When a case goes to court, the authorities have to provide evidence to try to get a conviction. But do not assume that any evidence they have collected can be used. The way in which the evidence was gathered is very important, and the court does have the ability to remove some of it from the case.
One example of how this can happen is if the authorities have violated a legal doctrine known as the “fruit of the poisonous tree.” What is this and how does it work?
Illegal activity prior to gathering that evidence
The fruit of the poisonous tree basically asserts that a proper chain of events must be followed in order for evidence to be legally permissible. If it has been gathered illegally, or even after a single illegal act, then the evidence itself may not stand. The entire “tree” of evidence has been poisoned.
One example of this is if the authorities do not have a valid reason to enter someone’s home and so they cannot get a search warrant. However, believing there is evidence in the home, they force their way in against the homeowner’s wishes. Even if they do find evidence that would get a conviction in court, they may not be allowed to present that evidence because they violated the person’s Fourth Amendment rights when they gathered it. Due to the fruit of the poisonous tree, this initial illegal act means that all evidence stemming from it is also tainted.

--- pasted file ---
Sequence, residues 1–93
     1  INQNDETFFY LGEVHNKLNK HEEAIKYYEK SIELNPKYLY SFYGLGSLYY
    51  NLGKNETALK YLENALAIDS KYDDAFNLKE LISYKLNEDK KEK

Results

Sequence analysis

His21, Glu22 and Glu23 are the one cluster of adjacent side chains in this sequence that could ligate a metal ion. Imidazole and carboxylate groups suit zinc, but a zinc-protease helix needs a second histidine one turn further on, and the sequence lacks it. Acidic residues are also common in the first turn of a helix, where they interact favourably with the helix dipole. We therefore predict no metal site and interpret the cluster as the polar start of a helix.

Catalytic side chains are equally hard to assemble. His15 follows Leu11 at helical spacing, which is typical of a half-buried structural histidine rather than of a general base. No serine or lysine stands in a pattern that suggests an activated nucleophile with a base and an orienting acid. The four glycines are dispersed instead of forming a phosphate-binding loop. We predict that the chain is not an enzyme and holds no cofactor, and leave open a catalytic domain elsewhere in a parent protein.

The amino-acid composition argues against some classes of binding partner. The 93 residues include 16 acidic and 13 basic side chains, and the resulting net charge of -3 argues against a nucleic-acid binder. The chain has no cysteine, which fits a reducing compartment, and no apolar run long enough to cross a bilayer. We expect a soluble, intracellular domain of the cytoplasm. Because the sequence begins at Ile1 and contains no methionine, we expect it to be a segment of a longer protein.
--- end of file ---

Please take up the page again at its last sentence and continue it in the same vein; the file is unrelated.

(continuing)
Exploring your options
As you can see, it’s very important to know exactly what defense options you have when facing legal charges.